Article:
We didn't talk, but I pulled the covers over and held her, breathing at her rhythm so she wouldn't wake.
In the morning we drove down the M1 to get breakfast at the Forest East service station. Wearing yesterday's clothes, we looked unwashed and tired. Instead of sitting opposite me to talk, Wendy shuffled in next to me, her hands between her legs, blowing on her coffee. It was cold outside, but the windows made the sunshine feel hot. I worried out loud that she might be pregnant.
`A baby,' she said. `Imagine that.' She looked puzzled rather than worried, as though the thought of such a change could excite her.
I rambled on about responsibility, and how many lives it wrecked, and how she had to pursue her own life first. Wendy nodded solemnly.
`I know I couldn't really cope.'
`And if you're not pregnant?' I was hinting about contraception, but she missed the point.
`I need an outlet,' she said, though it wasn't clear for what.
She wanted me to meet her parents, because they were anxious about her spending so much time out without knowing who I was. It was a reasonable request, but I'd resisted for weeks.
`If you'd gone to uni, you wouldn't have to tell them where you were.'
`Please don't get at me for that. Please.'
`I'm not. But if you'd left home, they'd get used to not knowing. It frees you up.'
Meeting parents is never easy, because whatever your age, you greet them with a tone of apology in your voice. I didn't admit it at the time, but I was afraid of Laurence Paige before I met him. It was seeing the effect he had on Wendy that made me wary. Even just talking about him, she would look anxious. It bothered me, because Wendy wouldn't let me get away with anything thoughtless but was too afraid to answer back to this man. When he was angry, she preferred to back down.
The Paiges' house was well out from the centre of Leicester, with enough space for a bare garden and what remained of a willow that had suffered at the hands of an overzealous tree surgeon. The front hall had thick red carpets, which made for a disturbing hush, the sort that is usually filled by a ticking clock. The ornaments were all evenly spaced, well dusted, and the wallpaper was like thin velvet. It was the sort of house that made you whisper.
Her dad was leaning over the kitchen counter staring at an estate agent's card. He was short and bald, with a downy swathe of blonde hair around his skull. The fluorescent light made him look sickly. He didn't shake hands or even straighten up but grinned with all his teeth showing. He looked pleased to see me, eager and pleasant, not at all what I'd expected. Wendy had gone on about how successful a businessman he was, so I hadn't expected him to be wearing a light blue pullover and a cheap gold watch.
`Hiya, Wendy.' It sounded like Hoya Windy, a strong Birmingham accent. 'Hiya, Nick. Eh, Wendy, look at this.' He started showing her the house on the card. 'Near Stratford. Four bedrooms. How about that, eh? Look at this, Nick.'
`Oh, yes, lovely.'
`I think we might have that.' He grinned again. He seemed incapable of smiling, so I wondered how he'd look when angry.
Wendy's mother came through from the washroom carrying a basket stuffed with damp laundry. It had the lemony smell I associated with Wendy, only wetter. She spoke excitedly. `Hi, hi. Oh, it's good to meet you. At last.' Linda looked to be early thirties, her orange T-shirt tucked tight into her jeans. She was closer to forty, but next to Laurence she looked like his daughter, except she was taller than him. It was difficult to believe she was Wendy's real mother, because her hair was black and her skin a deep tan. The only betrayal of her age was the make-up, two charcoal lines around her eyes, lashes stiff with mascara. She reminded me of a pop star who'd aged well. `Sorry about this. Just doing my chores.' She laughed at herself.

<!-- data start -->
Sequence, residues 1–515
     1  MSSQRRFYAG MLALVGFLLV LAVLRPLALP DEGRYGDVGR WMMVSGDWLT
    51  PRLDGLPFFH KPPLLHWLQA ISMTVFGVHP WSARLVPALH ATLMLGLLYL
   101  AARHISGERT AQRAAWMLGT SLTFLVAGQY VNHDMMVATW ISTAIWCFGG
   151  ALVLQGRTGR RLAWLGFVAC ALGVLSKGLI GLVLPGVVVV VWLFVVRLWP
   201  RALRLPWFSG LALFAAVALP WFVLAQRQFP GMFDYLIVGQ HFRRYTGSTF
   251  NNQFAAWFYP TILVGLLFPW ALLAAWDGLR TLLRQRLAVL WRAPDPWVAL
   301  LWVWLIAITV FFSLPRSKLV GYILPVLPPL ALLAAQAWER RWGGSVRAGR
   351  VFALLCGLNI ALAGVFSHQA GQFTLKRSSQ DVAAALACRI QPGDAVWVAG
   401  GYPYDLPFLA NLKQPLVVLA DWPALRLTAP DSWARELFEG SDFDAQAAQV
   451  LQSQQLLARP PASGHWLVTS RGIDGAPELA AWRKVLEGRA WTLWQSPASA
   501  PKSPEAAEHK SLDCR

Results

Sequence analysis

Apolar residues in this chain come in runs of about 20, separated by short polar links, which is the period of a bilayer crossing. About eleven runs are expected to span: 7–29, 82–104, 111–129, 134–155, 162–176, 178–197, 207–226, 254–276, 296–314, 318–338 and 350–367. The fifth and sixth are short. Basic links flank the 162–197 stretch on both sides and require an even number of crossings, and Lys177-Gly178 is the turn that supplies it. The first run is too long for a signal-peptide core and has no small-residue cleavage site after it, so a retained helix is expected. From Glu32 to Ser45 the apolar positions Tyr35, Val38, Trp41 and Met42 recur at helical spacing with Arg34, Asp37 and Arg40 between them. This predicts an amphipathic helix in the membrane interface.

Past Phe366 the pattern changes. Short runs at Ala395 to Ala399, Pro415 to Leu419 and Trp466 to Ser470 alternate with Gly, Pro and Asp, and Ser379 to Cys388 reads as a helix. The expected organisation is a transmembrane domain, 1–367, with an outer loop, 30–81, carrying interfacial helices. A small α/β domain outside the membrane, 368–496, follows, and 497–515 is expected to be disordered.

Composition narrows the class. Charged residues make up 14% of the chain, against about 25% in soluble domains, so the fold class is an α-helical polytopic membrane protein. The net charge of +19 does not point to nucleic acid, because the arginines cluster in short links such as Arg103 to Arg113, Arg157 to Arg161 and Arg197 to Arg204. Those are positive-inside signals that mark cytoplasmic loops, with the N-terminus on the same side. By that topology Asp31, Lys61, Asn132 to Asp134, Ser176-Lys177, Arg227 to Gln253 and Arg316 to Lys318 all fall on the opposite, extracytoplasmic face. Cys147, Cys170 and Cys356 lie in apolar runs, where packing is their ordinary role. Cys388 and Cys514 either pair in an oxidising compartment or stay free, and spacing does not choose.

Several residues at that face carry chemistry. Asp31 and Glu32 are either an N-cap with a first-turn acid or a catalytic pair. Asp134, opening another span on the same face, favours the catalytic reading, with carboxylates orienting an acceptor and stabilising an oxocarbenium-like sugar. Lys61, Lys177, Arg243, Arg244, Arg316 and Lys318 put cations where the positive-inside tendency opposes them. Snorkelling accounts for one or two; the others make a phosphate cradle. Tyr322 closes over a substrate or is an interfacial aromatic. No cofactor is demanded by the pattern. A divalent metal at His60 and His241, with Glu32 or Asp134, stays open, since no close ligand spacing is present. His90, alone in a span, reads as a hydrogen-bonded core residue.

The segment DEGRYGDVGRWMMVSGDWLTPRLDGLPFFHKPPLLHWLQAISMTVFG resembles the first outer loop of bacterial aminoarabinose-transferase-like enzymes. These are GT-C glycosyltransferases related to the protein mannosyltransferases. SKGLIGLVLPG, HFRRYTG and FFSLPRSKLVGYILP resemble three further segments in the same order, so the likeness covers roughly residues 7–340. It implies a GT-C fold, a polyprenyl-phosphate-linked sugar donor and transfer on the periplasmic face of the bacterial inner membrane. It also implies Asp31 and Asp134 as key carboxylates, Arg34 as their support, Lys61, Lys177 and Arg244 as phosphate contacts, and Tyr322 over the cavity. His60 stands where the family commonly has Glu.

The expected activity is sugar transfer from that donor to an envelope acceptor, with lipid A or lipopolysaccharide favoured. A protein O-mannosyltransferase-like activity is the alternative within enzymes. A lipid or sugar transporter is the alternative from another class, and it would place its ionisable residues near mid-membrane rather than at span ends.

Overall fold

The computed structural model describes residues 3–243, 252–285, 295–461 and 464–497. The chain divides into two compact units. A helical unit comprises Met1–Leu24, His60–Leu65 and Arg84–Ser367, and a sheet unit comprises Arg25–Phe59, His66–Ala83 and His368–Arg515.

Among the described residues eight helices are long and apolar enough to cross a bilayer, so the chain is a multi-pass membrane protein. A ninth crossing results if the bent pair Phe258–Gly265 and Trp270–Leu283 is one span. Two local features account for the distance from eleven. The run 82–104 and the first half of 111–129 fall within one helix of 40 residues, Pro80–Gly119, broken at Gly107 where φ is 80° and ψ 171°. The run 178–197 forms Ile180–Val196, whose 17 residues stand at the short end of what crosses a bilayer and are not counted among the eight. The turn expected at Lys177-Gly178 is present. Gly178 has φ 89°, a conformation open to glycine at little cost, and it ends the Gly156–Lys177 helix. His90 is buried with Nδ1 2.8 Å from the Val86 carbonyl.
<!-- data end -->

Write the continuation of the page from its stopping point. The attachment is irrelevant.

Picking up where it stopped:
I'd heard so many stories of Laurence bullying her I'd imagined a prim, sad woman in a print dress with brittle hair and a lost expression. It was difficult to picture this woman letting him get away with anything. Laurence looked at her as though he was watching from behind glass, his tongue teasing his lip.
Wendy went to help her mum hang the washing out, and Laurence used the opportunity to talk to me. It went on for longer than I would have liked, but he was reasonably pleasant until he said something about `those blacks'. I'd been nodding along, hardly listening to him until he said that. I didn't respond but must have looked shocked.
`You're not a nigger-lover, are you?' He looked angry, unblinking, his lips sealed. I thought he'd hit me if I said yes.
I mumbled, `No, no, but ...'
I only had one black friend, called Carl. If he knew what I'd just done, he'd have spat in my face.
I took it out on Wendy as we drove away.
`He's a fucking cunt.'
`Don't fall out with my dad. It's not worth it.'
`Why? Will he beat me up?' I mocked, doing such a good job of being annoying that my own mood worsened. `How terrifying.'
`I don't mean that,' she said, sounding as though she was struggling to make me understand rather than arguing. `But you'd make it difficult for us. And he is my dad.'
`You're welcome to love him, but I choose not to.'
`Drop me here then.' She put her hand on the door handle.
I slowed, worried she might open the door while we were still moving. I'd pushed her too far but didn't want to back down.
`What? So I have to love your dad? You're being ridiculous.'
`You're ridiculous if you're threatened by every man you ever meet.'
`I'm not threatened. I'm twenty-seven. I don't have to live in awe of your parents. I'm an adult.'
`You should act like one then.'